You’re in Charge! Martin Pipe enjoys JBL’s little Charge 5 speaker with a big sound. Read our JBL CHARGE 5 Review.

I’m quite taken with the distinctive character of JBL’s Charge 5 wireless speaker, which resembles a blimp with the ends cut off. In their place are what look like 65mm drivers. Could this little barrel of music be one of those rarest of things, a stereo Bluetooth speaker? Alas not; there’d be no point, as the close spacing – 210mm – is hardly the stuff of meaningful imaging.Those drivers at either end are actually passive bass radiators, that work with an internal long-throw 50 x 90mm bass/mid driver of custom design, augmented by a 20mm dome tweeter to aid reproduction of highs.

According to JBL, they are respectively powered by 30W and I0W on-board amplifiers. Both of the transducers are nevertheless part of a single channel, fed by an internally-derived mix of left and right channels. In other words, it’s mono. However, it can join forces with another Charge 5 to reproduce your music in glorious stereo.

The 960g Charge 5 is evidently pitched at lovers of the outdoor life, if its outer toughness and IP67- rated water resistance are anything to go by. Connectors are waterproof or covered by sealed bungs, and the controls are rubberised.A slight flat is incorporated into the base so that the unit sits on a surface with its tweeter facing frontwards.

The beefy 27Wh lithiumpolymer battery buried within the speaker is able to charge a ‘phone, the base hiding a USB-A port into which a USB charging cable is plugged. JBL supplies a USB-C cable for modern phones. Using the ‘powerbank’ capacity of the Charge 5 to charge devices will impact its running time as a speaker, which is claimed to be up to 20 hours of playback from a 4-hour charge. Said playback is available only via Bluetooth – in this instance, version 5.1, with support for the A2DP 1.3 and AVRCP 1.6 profiles. There’s no analogue input (another socket to worry about letting in water?), while the Charge 5’s second port is a USB-C type purely for charging the internal battery: no charger is supplied.

I tried plugging the speaker into a PC with the supplied cable, hoping that it would take over audio duties, but Windows refused to recognise it.A pity, as this speaker could have been a potent alternative to a laptop sound system. However, it does allow the PC to (albeit slowly!) charge the unit.Another drawback is that the sealed nature of the Charge 5 complicates repair or replacement of the battery.JBL recommends charging the unit “at least every three months…to protect battery lifespan”.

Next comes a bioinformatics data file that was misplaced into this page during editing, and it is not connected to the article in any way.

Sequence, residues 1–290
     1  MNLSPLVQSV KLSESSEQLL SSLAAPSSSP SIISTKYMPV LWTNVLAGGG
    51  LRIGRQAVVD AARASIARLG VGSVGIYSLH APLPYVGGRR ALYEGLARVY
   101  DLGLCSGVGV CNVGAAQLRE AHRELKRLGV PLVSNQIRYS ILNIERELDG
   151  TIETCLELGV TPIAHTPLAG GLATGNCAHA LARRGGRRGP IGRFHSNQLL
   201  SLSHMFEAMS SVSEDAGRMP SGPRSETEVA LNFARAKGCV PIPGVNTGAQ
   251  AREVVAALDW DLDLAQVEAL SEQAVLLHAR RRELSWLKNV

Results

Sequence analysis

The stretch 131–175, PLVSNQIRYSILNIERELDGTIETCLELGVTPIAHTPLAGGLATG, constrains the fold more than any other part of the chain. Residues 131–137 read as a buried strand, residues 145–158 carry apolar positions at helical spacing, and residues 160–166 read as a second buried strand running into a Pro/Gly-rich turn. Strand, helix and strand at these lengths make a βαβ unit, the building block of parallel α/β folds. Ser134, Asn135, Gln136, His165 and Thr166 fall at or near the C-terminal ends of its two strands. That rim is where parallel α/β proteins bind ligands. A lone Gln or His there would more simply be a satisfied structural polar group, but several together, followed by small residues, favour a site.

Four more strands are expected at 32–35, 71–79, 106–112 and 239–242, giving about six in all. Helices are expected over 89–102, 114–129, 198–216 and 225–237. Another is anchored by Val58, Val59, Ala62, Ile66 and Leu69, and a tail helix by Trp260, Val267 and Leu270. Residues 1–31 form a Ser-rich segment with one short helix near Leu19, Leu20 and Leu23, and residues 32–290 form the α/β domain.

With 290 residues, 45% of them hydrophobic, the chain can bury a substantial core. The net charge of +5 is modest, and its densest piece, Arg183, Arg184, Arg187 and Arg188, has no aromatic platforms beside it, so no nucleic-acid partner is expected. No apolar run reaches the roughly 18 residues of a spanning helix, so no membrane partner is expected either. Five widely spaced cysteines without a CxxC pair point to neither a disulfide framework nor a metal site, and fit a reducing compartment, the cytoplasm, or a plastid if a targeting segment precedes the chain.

Using the Charge S is simplicity itself. It’s easy to set up for use with Bluetooth-enabled audio sources like smartphones, tablets, computers or even compatible hi-fi products including Project’s Phono Box BT E phono stage. After turning it on, simply hold down the backlit Bluetooth button to initiate pairing. Once paired, the Bluetooth device sends audio wirelessly to the Charge 5.The controls can raise or lower volume (the source device’s own volume control is remotely-changed) and. depending on the capabilities of your source equipment, pause playback or skip tracks.Thanks to a feature called ‘PartyBoost’ – enabled or disengaged with a button that resembles the BBC Sounds logo flipped sideways – you can use multiple JBL devices to play the same tracks. I can imagine that sort of thing going down well at festival campsites. Controls and actions are confirmed by various sound effects.

There’s also a simple ‘app’ -JBL Portable – for Android and iOS devices. This would probably be a lot smaller than 52MB (in its Android form), were it not for the somewhat pointless ‘faces’ animation that kicks it off. JBL Portable allows you to update the unit’s firmware, monitor battery level, turn off audio-feedback sounds and switch PartyBoost between its normal mode and one that allows two compatible speakers within range to ‘join forces’ and reproduce music in stereo (you can assign a channel to each).